Taking things a step further by assembling and selling full transmog sets, however, is the province of fewer players -- a select few indeed, according to Mickél of The Blackest Rose, a transmog set dealer on Madoran (US-H). "We were the first to do it on our server, and I have a feeling one of the few in game who is selling complete mog sets," he explains. "My partner works on making custom sets from the random greens we have; hers are often very clean and perfect-looking. I use the named sets, i.e. Emerald, Righteous, Abjurer's, etc."
Before you cry, "Aha! Must do this!" -- think upon the sheer amount of time and effort that goes into a transmog dealership done right. Mickél and his partner Aridas have to farm up each and every piece of gear. No set is complete without every last piece that shows, whether it drops quickly or not. The team needs to develop and market customized, themed looks and then farm up whatever's required from the four corners of Azeroth. They have to find a profitable way to offload all the random pieces picked up along the way.
And what about those teeth-grinding runs when a piece that's needed just won't drop? Run it again. And again. And again.
So why would any player in his right mind spend hour upon hour grinding for lowbie gear?
Main characters Mickél and Aridas
Guild The Blackest Rose
Realm Madoran (US-H)
WoW Insider: First transmog set dealer on the realm -- how did that come about?
Aridas: It started for me when all I ever saw was cloth-wearers in skirts. For my baby mage, I wanted something different. Pants. Looking through the resources for mog sets, I saw the perfect one and had to have it. It was called the Silver-Thread set, black and white, completely different than anything I had seen before. Gnomeregan was where I spent hours and hours grinding for pieces. I got lot of other greens doing this, and that's the idea popped in my head was, "We should start a mog business..." The idea really took hold during a long grind over a special pair of pants.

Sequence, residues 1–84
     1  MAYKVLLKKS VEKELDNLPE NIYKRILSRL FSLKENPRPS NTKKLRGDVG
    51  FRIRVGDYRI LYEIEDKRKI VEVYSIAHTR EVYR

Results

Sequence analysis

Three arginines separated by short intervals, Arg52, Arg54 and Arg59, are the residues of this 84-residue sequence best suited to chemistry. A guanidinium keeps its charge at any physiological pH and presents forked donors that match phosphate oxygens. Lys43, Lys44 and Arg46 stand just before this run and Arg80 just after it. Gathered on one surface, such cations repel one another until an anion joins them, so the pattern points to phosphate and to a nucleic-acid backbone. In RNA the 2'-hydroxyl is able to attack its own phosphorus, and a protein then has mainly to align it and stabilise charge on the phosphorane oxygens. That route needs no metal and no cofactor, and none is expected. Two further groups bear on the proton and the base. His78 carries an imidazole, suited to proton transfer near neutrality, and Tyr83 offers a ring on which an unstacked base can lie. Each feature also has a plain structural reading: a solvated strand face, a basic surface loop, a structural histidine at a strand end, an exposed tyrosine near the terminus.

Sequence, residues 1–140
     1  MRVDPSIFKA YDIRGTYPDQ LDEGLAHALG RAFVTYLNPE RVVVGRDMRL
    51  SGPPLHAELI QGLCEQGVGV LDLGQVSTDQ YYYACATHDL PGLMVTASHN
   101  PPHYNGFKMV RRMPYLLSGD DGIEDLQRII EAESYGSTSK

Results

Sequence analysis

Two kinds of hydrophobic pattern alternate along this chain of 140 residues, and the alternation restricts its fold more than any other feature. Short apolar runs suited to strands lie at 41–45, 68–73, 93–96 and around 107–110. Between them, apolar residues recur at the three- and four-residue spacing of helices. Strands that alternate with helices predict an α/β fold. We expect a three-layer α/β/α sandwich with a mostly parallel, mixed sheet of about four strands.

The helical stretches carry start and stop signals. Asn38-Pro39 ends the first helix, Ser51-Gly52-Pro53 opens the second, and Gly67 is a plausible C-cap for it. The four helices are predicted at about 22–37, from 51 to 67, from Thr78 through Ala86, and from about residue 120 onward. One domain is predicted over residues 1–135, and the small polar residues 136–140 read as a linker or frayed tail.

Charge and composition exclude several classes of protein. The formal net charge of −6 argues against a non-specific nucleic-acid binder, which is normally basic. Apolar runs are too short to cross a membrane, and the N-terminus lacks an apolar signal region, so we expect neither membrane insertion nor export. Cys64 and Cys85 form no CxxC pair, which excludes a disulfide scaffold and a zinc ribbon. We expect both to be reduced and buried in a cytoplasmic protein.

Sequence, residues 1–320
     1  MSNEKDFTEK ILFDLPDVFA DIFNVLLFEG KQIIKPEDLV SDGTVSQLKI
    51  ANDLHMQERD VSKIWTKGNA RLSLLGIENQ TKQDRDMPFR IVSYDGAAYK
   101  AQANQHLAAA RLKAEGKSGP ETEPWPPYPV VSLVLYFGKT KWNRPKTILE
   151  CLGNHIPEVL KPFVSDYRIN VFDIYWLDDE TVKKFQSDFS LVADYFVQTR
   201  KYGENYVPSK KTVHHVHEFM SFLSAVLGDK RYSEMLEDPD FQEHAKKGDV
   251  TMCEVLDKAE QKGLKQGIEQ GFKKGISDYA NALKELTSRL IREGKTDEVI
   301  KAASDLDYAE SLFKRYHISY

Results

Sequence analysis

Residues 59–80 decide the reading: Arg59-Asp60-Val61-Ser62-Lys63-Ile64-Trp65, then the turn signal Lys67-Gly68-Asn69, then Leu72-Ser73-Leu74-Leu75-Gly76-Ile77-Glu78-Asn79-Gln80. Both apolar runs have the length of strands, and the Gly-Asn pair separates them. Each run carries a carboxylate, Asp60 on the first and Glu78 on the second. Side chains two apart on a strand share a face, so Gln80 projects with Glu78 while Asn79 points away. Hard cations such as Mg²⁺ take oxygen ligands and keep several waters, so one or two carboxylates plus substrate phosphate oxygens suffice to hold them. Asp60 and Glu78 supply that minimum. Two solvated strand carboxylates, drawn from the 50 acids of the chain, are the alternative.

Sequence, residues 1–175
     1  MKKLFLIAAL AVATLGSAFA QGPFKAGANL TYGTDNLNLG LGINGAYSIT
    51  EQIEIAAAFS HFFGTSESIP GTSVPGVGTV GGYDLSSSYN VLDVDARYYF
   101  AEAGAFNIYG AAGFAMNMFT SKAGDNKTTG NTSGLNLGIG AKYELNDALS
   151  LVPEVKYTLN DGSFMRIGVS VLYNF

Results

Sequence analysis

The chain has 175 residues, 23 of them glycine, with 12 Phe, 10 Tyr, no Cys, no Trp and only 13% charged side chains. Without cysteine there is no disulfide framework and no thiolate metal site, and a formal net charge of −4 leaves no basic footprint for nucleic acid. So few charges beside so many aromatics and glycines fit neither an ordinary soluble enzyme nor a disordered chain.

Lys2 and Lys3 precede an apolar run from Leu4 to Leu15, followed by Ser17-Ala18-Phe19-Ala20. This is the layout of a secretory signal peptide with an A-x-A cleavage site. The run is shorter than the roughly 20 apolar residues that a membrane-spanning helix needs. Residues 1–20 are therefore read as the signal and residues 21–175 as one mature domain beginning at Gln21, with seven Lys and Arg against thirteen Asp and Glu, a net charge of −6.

So what's competition like these days?
Mickél: Competition is sort of nonexistent. I use the qualifier "sort of" because Aridas and I have the only business on server who sells full mog sets. However, Alliance-side, I've noticed a dealer who is putting pieces on of matching sets for incredibly high prices. It only helps business on our end, as if the individual pieces are higher, than the full mog set sells for higher. Horde-side, there are people who pick up rare armor pieces, know they are rare, and list them on the AH for inflated prices [for] transmog -- and again, the same deal. It only helps us as our sets up in price if the pieces on the AH are going for more.
This sounds devilishly time-consuming. Doesn't the business eat up a good portion of your play time?
Aridas: It varies all the time. We spend some of our time grinding for sets, then part of the time organizing the sets. For custom sets, it takes longer hunting through the AH, our guild banks, mailboxes. Sometimes we are at it for hours, sometimes only a few hours a day.
Our main's guild, Heavens Darkness, raids two nights a week, and we are always there, so that hasn't changed for us at all. But I would say it has increased our playing time. At this point, it's endgame material. Grinding old-school raids and dungeons gives us something new to do with our guildees and have good time.